Going through some back issues of Dragon magazine recently, I was startled to note the pervasive presence of Leiber in its early pages. I knew EGG had greatly admired his work, had adapted Nehwon into FRPG supplements and knew him personally; however, I didn't realize the extent to which the early Dragon (at least) relied on Leiber's presence to establish a market. Leiber and a friend from the U of Chicago, Harry Fischer, had (as many know) invented the (in)famous heroes Fafhrd and Gray Mouser as part of an imaginative game, a kind of precursor to D&D in which versions of each player would go together on adventures, some of which, I suppose, formed the basis of Leiber's Nehwon stories. I'm unsure of its extent, but Leiber seems to have had a fairly profound influence on the D&D game -- EGG must have certainly read all the Nehwon stories voraciously, even if he didn't borrow the "role playing" aspect from Leiber and Fisher (that aspect arising independently from EGG's and Arneson's experiments in war gaming). The first published Fafhrd and Mouser story appeared in 1939 in Unknown as "Two Sought Adventure." I mention it not to suggest it's in any way the primary influence on the shape of the early D&D adventure (Howard's Conan stories, Lovecraft's dark sublimity, Vance's picaresque, Smith's work -- they all have an equal or greater claim to that), but merely to claim an interpretation of this story is one way to understand the role of the episodic and the epic in the FRPG.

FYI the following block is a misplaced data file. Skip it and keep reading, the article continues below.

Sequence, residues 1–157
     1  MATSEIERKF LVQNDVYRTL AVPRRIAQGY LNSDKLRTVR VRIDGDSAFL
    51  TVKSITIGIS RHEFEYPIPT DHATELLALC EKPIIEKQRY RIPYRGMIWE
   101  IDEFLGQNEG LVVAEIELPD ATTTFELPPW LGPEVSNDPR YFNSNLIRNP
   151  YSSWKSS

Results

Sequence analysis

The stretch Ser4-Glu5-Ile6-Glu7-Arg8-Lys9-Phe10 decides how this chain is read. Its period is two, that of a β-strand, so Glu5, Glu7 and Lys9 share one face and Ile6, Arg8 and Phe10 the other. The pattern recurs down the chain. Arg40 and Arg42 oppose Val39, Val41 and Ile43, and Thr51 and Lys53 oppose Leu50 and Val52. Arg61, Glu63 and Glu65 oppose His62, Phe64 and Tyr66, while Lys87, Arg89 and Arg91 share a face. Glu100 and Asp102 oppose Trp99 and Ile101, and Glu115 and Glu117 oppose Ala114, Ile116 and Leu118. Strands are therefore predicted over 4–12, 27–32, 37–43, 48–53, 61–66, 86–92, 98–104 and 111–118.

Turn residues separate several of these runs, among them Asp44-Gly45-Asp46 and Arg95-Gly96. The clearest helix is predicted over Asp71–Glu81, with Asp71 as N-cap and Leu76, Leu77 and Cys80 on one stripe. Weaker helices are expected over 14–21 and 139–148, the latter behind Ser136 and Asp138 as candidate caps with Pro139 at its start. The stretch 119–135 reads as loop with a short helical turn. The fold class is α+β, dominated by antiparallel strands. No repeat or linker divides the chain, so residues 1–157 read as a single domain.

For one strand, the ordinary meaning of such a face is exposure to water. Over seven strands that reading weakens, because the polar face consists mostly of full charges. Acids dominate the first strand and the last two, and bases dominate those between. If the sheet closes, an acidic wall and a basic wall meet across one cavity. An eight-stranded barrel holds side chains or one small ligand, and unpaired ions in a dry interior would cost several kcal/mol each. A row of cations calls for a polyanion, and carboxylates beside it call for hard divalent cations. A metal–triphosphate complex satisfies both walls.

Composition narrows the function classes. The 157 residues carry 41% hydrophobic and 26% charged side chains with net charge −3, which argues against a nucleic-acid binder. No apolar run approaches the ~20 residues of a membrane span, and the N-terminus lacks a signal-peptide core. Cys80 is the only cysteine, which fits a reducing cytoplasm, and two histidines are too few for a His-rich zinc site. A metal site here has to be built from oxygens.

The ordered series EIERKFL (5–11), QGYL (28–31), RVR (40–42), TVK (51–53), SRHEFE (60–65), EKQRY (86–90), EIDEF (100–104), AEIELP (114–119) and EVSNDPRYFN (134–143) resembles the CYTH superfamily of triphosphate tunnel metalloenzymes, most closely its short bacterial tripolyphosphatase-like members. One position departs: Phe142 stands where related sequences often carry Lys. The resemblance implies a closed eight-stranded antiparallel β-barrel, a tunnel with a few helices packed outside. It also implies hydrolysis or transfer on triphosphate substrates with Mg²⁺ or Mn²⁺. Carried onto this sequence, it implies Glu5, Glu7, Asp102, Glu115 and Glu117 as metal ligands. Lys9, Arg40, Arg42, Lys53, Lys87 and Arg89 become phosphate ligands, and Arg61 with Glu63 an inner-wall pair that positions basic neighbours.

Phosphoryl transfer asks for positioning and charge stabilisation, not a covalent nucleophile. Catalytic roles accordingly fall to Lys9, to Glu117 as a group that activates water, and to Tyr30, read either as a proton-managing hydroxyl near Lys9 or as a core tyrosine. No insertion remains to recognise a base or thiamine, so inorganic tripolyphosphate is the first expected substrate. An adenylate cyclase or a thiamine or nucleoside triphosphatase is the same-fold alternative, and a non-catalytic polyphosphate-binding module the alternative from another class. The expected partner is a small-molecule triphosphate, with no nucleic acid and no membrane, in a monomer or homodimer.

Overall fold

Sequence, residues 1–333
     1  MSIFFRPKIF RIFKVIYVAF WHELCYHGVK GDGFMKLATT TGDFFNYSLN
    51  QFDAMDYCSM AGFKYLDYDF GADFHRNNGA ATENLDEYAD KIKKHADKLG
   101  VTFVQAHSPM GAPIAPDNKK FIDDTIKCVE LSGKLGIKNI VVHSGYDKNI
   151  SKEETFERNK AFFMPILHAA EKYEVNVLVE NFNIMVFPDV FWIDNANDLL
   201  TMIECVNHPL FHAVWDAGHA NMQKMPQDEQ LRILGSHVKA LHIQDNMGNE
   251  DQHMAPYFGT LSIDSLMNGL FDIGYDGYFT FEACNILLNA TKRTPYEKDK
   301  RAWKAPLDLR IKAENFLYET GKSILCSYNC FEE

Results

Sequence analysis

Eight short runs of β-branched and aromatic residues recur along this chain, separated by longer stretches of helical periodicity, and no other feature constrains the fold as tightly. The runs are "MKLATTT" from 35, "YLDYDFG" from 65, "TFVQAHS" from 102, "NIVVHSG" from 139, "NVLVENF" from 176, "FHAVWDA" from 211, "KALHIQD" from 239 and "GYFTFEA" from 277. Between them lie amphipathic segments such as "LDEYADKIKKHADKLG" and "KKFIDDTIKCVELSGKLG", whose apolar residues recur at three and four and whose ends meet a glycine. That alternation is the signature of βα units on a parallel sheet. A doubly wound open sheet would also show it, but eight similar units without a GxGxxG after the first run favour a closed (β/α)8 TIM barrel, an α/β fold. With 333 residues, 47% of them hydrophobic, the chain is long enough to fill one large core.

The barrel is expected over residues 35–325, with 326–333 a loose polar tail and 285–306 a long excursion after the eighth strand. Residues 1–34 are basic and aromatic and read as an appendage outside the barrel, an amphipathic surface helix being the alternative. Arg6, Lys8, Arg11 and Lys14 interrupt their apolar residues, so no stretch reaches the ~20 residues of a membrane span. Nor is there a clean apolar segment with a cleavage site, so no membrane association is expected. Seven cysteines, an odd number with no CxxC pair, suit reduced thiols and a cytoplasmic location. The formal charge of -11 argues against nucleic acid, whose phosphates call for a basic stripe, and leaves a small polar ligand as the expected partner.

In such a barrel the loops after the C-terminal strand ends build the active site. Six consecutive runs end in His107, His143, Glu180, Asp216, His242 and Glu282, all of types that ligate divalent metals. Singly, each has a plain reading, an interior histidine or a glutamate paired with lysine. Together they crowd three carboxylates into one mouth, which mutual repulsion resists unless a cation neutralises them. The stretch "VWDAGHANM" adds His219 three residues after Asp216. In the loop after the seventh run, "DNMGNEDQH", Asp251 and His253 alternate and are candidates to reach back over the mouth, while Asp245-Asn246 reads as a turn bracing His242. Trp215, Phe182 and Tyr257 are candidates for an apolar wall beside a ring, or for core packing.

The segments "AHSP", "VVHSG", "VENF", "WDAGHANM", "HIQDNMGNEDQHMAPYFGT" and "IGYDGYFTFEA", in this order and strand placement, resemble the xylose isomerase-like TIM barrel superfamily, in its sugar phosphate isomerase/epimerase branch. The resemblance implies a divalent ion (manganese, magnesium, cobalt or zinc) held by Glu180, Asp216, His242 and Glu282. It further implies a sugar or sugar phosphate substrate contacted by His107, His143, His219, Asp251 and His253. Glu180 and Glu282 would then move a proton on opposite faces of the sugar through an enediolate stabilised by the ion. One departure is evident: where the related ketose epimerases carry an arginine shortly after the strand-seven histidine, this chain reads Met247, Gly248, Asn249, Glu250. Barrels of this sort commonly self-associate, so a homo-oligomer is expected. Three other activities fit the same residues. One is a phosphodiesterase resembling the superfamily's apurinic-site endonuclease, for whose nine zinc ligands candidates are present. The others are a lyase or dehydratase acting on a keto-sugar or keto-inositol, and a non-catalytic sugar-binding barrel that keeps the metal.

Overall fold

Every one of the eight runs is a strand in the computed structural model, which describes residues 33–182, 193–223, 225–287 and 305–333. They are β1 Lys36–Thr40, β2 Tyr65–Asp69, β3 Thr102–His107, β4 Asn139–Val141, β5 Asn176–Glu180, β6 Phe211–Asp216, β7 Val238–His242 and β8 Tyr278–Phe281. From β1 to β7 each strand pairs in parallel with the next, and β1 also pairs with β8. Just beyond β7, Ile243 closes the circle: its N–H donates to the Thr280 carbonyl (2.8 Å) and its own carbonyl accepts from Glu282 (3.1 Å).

The genesis of this first published adventure seemingly has nothing to do with the epic, nor with any moral high ground. Fafhrd and the Mouser are greedy (or at least poor), have found a clue to a supposedly great treasure in the southern woods, and have mounted an expedition to liberate it. They're going to steal, loot a tower, and kill (albeit in self defence) in order to succeed. This is standard (you might even say prototypical or paradigmatic) fare for the episodic, incidental D&D adventure of the 70's and 80's. It's fairly clear that Fafhrd and Mouser have no (or at least very few) moral qualms about anything they're doing, nor are they doing it for any "greater good" or epic purpose other than to satisfy their own appetites for amusement, wine and women. It's also pretty clear that Leiber himself had few qualms about writing such stuff because to him, as to the heroes themselves, all of this -- the searching, the fighting, unraveling the tower's mystery -- it's all just a game, at least at the start.